Disclosure: The research and testing conducted for this post were sponsored by Virident.

First, some background information. All tests were conducted on Percona’s Cisco UCS C250 test machine, and both the vCache and FlashCache tests used the same 2.2TB Virident FlashMAX II as the cache storage device. EXT4 is the filesystem, and CentOS 6.4 the operating system, although the pre-release modules I received from Virident required the use of the CentOS 6.2 kernel, 2.6.32-220, so that was the kernel in use for all of the benchmarks on both systems. The benchmark tool used was sysbench 0.5 and the version of MySQL used was …

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Virident vCache vs. FlashCache: Part 1

(This is part one of a two part series) Over the past few weeks I have been looking at a preview release of Virident’s vCache software, which is a kernel module and set of utilities designed to provide functionality similar to that of FlashCache. In particular, Virident engaged Percona to do a usability and feature-set comparison between vCache and FlashCache and also to conduct some benchmarks for the use case where the MySQL working set is significantly larger than the InnoDB buffer pool (thus leading to a lot of buffer pool disk reads) but still small enough to fit into the cache device. In this post and the next, I’ll present some of those results.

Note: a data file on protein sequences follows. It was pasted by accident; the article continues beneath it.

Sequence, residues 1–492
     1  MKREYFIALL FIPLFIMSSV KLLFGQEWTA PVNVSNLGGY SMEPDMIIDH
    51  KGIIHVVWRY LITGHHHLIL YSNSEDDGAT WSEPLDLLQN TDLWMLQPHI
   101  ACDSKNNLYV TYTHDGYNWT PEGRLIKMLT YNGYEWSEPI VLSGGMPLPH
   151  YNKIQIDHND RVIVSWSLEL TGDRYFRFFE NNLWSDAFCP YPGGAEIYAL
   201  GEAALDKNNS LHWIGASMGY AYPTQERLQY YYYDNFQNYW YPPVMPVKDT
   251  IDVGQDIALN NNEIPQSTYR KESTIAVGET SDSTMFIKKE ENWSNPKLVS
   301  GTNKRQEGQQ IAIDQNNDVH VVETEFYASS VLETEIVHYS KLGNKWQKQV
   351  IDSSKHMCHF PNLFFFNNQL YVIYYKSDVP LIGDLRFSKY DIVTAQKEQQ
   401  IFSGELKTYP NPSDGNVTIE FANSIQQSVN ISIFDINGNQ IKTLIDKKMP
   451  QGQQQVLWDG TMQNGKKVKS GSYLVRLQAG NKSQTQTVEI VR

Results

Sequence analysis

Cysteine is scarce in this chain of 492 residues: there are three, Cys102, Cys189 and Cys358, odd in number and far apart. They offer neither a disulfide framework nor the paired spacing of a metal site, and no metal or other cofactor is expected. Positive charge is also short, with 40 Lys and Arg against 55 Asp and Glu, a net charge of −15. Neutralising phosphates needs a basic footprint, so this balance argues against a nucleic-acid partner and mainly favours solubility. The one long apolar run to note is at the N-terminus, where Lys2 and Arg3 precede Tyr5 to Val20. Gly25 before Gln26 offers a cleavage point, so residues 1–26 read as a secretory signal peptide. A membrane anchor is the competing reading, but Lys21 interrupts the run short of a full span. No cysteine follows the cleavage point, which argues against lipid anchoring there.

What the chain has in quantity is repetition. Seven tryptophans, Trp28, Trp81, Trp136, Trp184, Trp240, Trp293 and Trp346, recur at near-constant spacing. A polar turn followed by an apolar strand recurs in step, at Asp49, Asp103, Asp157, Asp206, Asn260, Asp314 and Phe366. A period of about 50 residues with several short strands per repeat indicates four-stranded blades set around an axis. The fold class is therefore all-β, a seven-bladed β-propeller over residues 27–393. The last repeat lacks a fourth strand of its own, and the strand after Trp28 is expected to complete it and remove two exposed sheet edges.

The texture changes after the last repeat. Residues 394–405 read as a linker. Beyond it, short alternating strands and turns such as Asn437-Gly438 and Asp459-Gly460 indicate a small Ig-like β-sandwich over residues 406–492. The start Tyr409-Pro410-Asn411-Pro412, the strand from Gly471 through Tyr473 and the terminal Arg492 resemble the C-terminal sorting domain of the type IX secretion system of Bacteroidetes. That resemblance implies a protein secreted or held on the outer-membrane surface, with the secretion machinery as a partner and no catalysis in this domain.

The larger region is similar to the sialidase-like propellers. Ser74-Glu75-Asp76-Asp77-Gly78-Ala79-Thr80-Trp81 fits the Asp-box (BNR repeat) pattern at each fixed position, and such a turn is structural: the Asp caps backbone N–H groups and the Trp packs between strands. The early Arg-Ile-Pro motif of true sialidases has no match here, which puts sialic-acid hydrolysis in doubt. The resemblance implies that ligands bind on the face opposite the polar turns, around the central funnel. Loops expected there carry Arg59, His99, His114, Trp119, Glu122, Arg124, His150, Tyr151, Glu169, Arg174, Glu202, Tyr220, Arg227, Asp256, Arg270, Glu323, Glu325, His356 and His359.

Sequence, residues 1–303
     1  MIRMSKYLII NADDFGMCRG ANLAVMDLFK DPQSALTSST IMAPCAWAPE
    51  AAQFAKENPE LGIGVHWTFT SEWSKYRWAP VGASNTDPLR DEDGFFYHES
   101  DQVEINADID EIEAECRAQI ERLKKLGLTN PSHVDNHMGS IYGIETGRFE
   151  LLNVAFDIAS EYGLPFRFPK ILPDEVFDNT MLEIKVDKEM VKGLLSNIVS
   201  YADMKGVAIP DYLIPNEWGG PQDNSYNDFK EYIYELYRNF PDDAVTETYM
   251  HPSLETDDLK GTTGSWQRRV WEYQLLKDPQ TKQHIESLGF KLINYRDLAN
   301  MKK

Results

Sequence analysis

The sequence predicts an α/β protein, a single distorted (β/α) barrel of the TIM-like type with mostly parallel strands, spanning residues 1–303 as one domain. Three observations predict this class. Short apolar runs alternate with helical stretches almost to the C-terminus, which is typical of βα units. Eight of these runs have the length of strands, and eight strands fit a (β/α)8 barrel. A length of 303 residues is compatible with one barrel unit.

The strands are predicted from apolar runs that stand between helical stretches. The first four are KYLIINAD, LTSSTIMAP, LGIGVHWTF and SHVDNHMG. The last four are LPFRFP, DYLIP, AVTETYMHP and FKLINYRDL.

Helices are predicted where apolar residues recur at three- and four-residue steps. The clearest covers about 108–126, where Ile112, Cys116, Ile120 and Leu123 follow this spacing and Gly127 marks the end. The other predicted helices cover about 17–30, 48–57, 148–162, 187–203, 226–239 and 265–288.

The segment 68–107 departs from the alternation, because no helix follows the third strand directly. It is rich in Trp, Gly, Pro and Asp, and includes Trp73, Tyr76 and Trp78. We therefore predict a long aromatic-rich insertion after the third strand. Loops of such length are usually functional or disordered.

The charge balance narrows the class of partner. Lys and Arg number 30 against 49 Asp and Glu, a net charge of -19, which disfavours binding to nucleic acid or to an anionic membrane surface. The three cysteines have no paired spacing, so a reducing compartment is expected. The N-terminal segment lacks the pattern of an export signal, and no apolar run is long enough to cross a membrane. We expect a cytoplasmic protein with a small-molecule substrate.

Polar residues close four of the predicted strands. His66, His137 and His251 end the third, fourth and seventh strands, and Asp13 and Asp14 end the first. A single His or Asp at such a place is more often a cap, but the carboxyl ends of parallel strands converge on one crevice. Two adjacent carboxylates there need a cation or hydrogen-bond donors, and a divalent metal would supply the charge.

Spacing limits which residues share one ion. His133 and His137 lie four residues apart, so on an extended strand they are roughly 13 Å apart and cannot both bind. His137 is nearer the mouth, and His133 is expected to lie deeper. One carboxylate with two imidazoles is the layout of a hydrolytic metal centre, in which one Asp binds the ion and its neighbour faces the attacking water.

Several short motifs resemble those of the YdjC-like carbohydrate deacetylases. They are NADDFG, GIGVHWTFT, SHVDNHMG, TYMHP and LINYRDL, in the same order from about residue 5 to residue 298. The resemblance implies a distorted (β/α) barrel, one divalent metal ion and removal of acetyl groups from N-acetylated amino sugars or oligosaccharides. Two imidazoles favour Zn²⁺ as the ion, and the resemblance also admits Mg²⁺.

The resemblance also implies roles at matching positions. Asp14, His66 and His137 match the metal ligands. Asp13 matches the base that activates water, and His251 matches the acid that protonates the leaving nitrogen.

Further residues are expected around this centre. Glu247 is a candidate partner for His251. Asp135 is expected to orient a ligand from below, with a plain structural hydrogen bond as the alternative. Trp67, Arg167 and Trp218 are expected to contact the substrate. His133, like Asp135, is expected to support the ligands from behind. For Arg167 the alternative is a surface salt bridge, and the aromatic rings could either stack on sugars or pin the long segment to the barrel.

Disclosure: The research and testing for this post series was sponsored by Virident.

Usability is, to some extent, a subjective call, as I may have preferences …

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MySQL and Percona Server in LinkBench benchmark

Around month ago Facebook has announced the Linkbench benchmark that models the social graph OLTP workload. Sources, along with a very nice description of how to setup and run this benchmark, can be found here. We decided to run this benchmark for MySQL Server 5.5.30, 5.6.11 and Percona Server 5.5.30 and check how these servers will handle such OLTP workloads in the CPU and IO-bound cases. For this test we used a PowerEdge R720 box with a fast PCI-e flash card as storage.

By default linkbench dataset has 10M ids(after load of data size of datadir ~10GB). We used this dataset to check server behavior when data fully fits …